Engineer at EMX.com. Donor to LW 2.0.
Hmm, maybe I'm missing something basic and should just go re-read the original posts, but I'm confused by this statement:
So what we do here is say "belief set A is strictly 'better' if this particular observer always trusts belief set A over belief set B", and "trust" is defined as "whatever we think belief set A believes is also what we believe".
In this, belief set A and belief set B are analogous to A[C] and C (or some c in C), right? If so, then what's the analogue of "trust... over"?
If we replace our beliefs with A[C]'s, then how is that us trusting it "over" c or C? It seems like it's us trusting it, full stop (without reference to any other thing that we are trusting it more than). No?
Notably, we need to trust A[C] even over our own beliefs, that is, if A[C] believes something, we discard our position and adopt A[C]'s belief.
To clarify, this is only if we (or the process that generated our beliefs) fall into class C, right?
The authors don't really suggest an explanation; the closest they come is speculating that at the interpolation threshold there's only ~one model that can fit the data, which may be overfit, but then as you increase further the training procedure can "choose" from the various models that all fit the data, and that "choice" leads to better generalization. But this doesn't make sense to me, because whatever is being used to "choose" the better model applies throughout training, and so even at the interpolation threshold the model should have been selected throughout training to be the type of model that generalized well.
I don't understand your objection here. If there is only ~one model that fits the data, and the training procedure is such that it will find that model, then aren't you just stuck w/ whatever level of generalizability that model has? And isn't it irrelevant that your procedure has some bias towards better generalizability?
Or are you saying that even if there's only one model at the interpolation threshold that fits the data, you'd expect the training procedure to pick a different model (one that doesn't completely fit the data) instead, because of the bias towards generalizability?
This means that if there's more than twice the power coming from one move than from another, the former is more likely than the latter. In general, if one set of possibilities contributes 2K the power of another set of possibilities, the former set is at least K times more likely than the latter.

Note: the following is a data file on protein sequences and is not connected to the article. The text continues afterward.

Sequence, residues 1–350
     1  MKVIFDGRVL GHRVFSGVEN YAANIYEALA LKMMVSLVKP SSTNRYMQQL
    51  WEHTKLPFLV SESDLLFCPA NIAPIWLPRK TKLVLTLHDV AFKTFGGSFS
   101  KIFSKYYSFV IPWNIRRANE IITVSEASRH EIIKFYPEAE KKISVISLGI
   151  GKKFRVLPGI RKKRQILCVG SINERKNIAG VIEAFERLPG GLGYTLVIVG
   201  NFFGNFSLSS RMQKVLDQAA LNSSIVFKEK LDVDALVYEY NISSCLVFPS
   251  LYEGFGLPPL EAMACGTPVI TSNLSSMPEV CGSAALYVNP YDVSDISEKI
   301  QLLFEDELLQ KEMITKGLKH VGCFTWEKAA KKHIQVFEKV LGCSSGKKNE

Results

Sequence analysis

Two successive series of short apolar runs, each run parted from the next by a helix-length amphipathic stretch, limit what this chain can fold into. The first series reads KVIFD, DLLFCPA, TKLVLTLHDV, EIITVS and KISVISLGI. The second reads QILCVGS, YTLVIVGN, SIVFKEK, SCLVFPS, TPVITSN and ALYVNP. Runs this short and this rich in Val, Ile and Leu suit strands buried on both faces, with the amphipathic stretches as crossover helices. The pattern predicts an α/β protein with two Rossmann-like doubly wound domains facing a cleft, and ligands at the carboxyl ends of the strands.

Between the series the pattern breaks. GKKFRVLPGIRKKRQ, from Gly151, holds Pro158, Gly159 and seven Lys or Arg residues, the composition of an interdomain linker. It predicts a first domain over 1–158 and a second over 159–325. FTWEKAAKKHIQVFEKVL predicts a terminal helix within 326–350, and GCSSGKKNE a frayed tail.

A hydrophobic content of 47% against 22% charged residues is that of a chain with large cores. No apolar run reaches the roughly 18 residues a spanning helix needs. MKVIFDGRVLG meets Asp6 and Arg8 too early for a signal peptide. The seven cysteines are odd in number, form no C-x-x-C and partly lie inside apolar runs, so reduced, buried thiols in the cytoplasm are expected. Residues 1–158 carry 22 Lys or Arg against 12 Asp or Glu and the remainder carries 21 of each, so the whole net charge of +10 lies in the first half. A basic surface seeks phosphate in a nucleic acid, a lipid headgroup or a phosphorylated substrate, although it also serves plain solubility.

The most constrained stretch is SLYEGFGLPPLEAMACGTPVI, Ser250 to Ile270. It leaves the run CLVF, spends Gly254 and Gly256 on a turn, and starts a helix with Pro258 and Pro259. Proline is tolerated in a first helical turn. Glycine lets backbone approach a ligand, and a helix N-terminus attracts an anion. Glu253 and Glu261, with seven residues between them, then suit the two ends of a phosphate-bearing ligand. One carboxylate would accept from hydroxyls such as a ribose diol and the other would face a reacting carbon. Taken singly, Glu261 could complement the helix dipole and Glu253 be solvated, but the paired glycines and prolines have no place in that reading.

Where does the 2 come from? Why does one move have to have more than twice the power of another to be more likely? What happens if it only has 1.1x as much power?
Remember how, as the agent gets more farsighted, more of its control comes from Chocolate and Hug, while also these two possibilities become more and more likely?
I don't understand this bit -- how does more of its control come from Chocolate and Hug? Wouldn't you say its control comes from Wait!? Once it ends up in Candy, Chocolate, or Hug, it has no control left. No?
We bake the opponent's policy into the environment's rules: when you choose a move, the game automatically replies.
And the opponent plays to win, with perfect play?
Imagine we only care about the reward we get next turn. How many goals choose Candy over Wait? Well, it's 50-50 – since we randomly choose a number between 0 and 1 for each state, both states have an equal chance of being maximal.
I got a little confused at the introduction of Wait!, but I think I understand it now. So, to check my understanding, and for the benefit of others, some notes:
(I had at first assumed the agent got no reward for Wait!, and also failed to realize that the agent keeps getting the reward for the terminal state indefinitely, and so thought it was just about comparing different one-time rewards.)
It's meant to be analogous to imputing a value in a causal Bayes net
Aha! I thought it might be borrowing language from some technical term I wasn't familiar with. Thanks!
Takeoff does matter, in that I expect that this worldview is not very accurate/good if there's discontinuous takeoff, but imputing the worldview I don't think takeoff matters.
Minor question: could you clarify what you mean by "imputing the worldview" here? Do you mean something like, "operating within the worldview"? (I ask because this doesn't seem to be a use of "impute" that I'm familiar with.)
And I think claim 5 is basically in line with what, say, Bostrom would discuss (where stabilization is a thing to do before we attempt to build a sovereign).
You mean in the sense of stabilizing the whole world? I'd be surprised if that's what Yann had in mind. I took him just to mean building a specialized AI to be a check on a single other AI.